I’ll tell you the moment I stepped into what felt like an actual role as a stepmom. We were on our first real day-trip all together after my husband and I had begun our relationship together. I offered to drive the first leg of the trip home and my partner was in the back seat with his kids. As I looked at them in the rear-view mirror, I could see how desperately they loved their dad and I was struck by the unfairness of a situation where I now got to live with him every day, and they would go home without the most important man in their world. Even though it wasn’t my fault, I felt an obligation to make it right, to try to give them as much of their dad as I possibly could. That felt right to me, like that’s who I needed to be for them.
Even now, 12 years later, that’s still how I think of myself. I’m the person who amplifies their connection to their dad. I think they know that I care about them a lot, but whatever connection we have between us is secondary to that main relationship between them and their dad.
Can you tell us a bit about what your day-to-day schedule looks like?
My husband takes care of breakfast time on his own, and that’s one of the best things I did, both for the kids and for myself. He loves to make breakfast so it was a natural moment to leave him alone with his children and let them start the day with a big dose of dad. In my case, I used that time to meditate, but many of my clients find that getting to the gym before the start of a stressful workday is a really essential piece of self-care. Early morning workouts ensure that you start your day knowing that you put yourself ahead of anything else on your schedule, and that’s really important for maintaining a healthy mindset about your value both to your company and to your family.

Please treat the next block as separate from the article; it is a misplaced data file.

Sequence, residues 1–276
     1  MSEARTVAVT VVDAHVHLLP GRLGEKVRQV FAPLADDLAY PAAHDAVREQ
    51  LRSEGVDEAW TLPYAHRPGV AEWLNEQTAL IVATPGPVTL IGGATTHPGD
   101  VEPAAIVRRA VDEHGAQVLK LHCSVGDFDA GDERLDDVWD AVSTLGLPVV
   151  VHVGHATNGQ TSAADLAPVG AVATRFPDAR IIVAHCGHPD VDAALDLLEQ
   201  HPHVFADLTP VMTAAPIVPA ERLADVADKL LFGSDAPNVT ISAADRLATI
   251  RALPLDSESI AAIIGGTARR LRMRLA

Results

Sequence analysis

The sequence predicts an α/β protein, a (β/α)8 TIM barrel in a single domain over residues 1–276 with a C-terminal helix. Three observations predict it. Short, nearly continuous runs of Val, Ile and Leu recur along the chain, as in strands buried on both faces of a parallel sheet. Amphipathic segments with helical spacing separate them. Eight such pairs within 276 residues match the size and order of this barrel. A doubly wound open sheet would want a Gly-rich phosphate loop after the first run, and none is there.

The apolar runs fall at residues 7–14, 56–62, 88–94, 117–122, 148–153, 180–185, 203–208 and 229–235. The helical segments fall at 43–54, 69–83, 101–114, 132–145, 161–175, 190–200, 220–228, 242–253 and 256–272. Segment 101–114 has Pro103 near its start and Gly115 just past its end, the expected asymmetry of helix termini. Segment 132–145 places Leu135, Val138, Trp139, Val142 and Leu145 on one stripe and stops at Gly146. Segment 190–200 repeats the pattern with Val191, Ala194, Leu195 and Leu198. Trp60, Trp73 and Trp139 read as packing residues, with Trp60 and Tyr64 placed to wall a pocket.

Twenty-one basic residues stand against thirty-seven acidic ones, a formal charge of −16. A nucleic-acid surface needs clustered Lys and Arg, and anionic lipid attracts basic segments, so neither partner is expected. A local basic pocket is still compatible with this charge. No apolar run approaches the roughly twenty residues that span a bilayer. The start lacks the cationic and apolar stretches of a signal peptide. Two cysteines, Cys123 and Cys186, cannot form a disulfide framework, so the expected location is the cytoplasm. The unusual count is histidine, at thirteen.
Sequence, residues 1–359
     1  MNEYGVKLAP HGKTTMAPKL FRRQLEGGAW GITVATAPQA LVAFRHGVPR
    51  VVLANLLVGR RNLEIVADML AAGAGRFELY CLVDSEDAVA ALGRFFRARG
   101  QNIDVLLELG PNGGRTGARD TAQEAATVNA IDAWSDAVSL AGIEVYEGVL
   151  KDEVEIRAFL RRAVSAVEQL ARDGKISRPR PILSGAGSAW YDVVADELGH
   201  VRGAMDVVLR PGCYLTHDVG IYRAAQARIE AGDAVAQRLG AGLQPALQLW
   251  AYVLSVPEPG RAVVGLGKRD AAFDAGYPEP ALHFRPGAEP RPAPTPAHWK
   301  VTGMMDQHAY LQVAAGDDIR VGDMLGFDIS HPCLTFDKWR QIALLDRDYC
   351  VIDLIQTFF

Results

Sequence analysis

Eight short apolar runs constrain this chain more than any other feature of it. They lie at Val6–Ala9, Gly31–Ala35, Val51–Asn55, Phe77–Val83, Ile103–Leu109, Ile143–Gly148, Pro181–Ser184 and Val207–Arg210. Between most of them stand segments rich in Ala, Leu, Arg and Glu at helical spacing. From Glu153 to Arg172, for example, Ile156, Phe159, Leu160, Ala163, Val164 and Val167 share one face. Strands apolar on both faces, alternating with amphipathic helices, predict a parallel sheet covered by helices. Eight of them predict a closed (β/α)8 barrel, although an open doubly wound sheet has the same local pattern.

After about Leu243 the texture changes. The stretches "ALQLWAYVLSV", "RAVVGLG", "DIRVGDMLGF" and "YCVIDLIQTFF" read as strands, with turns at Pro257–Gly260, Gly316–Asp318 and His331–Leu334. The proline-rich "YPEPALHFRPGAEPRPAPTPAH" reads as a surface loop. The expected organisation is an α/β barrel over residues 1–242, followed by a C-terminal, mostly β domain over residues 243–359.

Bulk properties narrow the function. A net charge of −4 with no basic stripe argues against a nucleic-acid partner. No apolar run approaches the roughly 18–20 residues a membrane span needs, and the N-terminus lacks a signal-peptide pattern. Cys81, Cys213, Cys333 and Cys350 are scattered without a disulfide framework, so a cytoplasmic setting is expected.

As moms and/or step-moms, we have to be really mindful about prioritizing self-care. We’re no good to anyone if there’s nothing left of us at the end of the day!
I also care a lot about healthy eating, and I’m a big fan of batch-prepping foods to save time. Leftovers are the absolute bomb, I mean what could be better than a meal all ready to go? I must say, it was hard to keep leftovers around with growing teenagers in the house. Sometimes I would hide a few servings of dinner before it even made it to the table! I cook a lot on the weekends to make sure there’s something ready for the week ahead.
My evenings are almost always spent working — we’re not a TV family at all. I prefer to take breaks during the day to hang out with the kids or to eat lunch with my husband, and family dinner is a must — that happens every night of the week!
Has being a parent changed your career path? Can you explain?
Being a stepmom was the impetus for a major change in my own career path. It drove me towards entrepreneurship as a way to deliver my message about family dynamics and emotional wellness and and to make a bigger impact than what I had previously been doing as a health care practitioner with a local focus. I now work with coaching clients all over the world and it feels very rewarding to have such a broad reach
I’m incredibly passionate about what I have to offer and I still jump out of bed every morning excited about doing this work! The experience of helping to direct 3 young people towards adulthood after having done that for my own daughter was a great privilege and I learned a lot along the way. I feel driven to share some universal principles I’ve identified so other women can learn to parent confidently and feel valued in the role of stepmom.